What is often thought of as "good" design is, in actuality, cool design. While there is certainly nothing wrong with cool design per se, and while cool is something to which we should always aspire, cool does not automatically denote usable. In fact, the two can often be in direct conflict. So as we innovate, we need to make sure that we are doing it for more than just a J.D. Powers award or an invite to a design conference.
Philippe Starck’s juicer. Steve Jobs’s iPhone. Marcel Breuer’s chair. Among the design community, these products are practically synonymous with good design. When we see them, the words “elegant,” “sleek” and “refined” come to mind. That is quite the trifecta of modifiers. What designer wouldn’t want their creations to be called that? “Elegant,” “sleek” and “refined” get good press. They get people talking. They win awards. They summon skinny people in black shirts out of enchanted bottles to speak at global design conferences and drop references to brutalist architecture. We see these types of design and the fanfare around them all of the time. It is very inspiring, and the smooth surfaces and rounded edges of these products seem to promise escape from the hard-edged, coarse lives we often lead. No doubt about it, these products are cool.
But are they usable?
What is often thought of as “good” design is, in actuality, cool design. While there is certainly nothing wrong with cool design per se, and while cool is something to which we should always aspire, cool does not automatically denote usable. In fact, the two can often be in direct conflict.
The new Lytro Light Field Camera provides an excellent example of cool design failing to be usable. The technology behind this camera is insanely cool. As if able to manipulate the laws of Time itself, the camera allows you to take a picture now and focus later. What’s more, the creators housed this game-changing technology inside a form factor that is rebelliously minimalist and un-camera-like. It is essentially a little rectangular box with a lens on one small end and an LCD on the other small end. You hold it like you would hold a tiny kaleidoscope; the casing includes almost no controls.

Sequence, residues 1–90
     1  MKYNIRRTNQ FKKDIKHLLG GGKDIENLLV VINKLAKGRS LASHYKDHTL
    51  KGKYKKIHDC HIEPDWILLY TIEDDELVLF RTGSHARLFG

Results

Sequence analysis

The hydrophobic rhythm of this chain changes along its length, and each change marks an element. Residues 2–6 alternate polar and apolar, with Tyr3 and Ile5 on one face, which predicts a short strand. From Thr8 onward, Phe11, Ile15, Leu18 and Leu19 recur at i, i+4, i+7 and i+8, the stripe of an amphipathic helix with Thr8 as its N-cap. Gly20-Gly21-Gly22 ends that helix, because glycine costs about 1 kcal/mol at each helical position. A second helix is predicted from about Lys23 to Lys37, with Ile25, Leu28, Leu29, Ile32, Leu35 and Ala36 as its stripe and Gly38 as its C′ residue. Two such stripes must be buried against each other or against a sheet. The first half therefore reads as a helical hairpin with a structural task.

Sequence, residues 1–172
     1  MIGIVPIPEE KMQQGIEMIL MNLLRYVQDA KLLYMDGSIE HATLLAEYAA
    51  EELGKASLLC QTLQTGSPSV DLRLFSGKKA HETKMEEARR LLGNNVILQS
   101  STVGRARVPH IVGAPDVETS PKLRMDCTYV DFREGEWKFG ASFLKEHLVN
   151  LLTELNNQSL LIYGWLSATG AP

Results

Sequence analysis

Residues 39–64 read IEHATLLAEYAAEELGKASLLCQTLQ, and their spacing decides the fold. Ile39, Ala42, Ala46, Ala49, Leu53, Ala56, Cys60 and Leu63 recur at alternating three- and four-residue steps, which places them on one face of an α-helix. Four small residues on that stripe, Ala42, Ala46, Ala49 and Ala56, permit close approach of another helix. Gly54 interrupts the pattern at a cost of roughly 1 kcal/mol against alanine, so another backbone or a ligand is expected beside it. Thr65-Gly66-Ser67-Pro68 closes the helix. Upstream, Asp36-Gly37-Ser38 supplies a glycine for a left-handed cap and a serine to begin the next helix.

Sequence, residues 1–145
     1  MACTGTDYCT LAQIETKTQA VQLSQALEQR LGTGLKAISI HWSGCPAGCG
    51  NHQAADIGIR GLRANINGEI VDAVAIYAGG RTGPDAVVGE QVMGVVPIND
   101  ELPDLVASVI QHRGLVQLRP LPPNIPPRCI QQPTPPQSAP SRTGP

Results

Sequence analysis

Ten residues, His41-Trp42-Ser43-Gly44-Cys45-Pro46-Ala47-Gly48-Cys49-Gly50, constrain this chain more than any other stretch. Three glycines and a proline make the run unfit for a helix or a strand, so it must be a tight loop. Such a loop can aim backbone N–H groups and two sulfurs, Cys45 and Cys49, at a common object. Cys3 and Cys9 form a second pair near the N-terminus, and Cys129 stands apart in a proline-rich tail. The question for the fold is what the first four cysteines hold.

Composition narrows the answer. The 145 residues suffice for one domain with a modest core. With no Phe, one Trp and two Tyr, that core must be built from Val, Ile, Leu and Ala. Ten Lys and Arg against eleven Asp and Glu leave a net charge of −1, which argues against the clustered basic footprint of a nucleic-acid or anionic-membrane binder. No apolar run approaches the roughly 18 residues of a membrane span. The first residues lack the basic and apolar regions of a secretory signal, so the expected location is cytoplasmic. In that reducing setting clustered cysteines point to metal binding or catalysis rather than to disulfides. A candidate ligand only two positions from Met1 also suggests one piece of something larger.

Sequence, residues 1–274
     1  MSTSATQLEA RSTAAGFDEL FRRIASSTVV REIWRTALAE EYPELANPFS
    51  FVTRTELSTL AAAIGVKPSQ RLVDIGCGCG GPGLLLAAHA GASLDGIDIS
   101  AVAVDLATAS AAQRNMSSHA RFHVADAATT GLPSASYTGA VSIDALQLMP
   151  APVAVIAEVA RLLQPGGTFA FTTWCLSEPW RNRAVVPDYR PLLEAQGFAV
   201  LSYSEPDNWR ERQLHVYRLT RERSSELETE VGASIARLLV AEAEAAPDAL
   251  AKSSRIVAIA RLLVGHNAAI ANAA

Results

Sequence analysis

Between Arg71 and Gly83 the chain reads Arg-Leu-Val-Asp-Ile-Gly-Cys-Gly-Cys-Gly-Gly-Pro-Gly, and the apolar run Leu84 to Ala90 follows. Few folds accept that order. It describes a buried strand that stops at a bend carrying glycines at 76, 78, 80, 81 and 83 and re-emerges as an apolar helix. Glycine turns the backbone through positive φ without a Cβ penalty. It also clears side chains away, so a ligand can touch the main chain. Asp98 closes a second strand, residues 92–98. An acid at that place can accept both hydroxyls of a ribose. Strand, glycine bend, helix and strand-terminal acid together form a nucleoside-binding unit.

That’s where the coolness ends and the issues begin. Feedback from customers suggests a great technological leap forward delivered in an unusable product. The LCD screen is too small to manipulate, the magnetic lens cap is not secured to the camera and is easily lost, and holding the camera to shoot a picture is awkward. Consensus seems to be that people are very excited about the technology but plan to wait until the creators iron out the ergonomic problems (and add some features like shutter speed control) in future iterations.
But we don’t need to buy a brand new camera to experience instances of exquisite design being unusable. Ever been to a rich friend’s house? You go to use the bathroom and spend ten minutes trying to figure out how to get hot water out of the sink or you burn your face off trying to get cold water out of their shower. Your friend spent kingly sums on their interior furnishings, never once considering that their family and loved ones would have to seek medical treatment after wrestling with their eight-headed Shower of Woe. These high-end sinks, toilets and showers are often breathtaking examples of minimalist design, but basic usability considerations like affordances are either an afterthought or not a thought at all.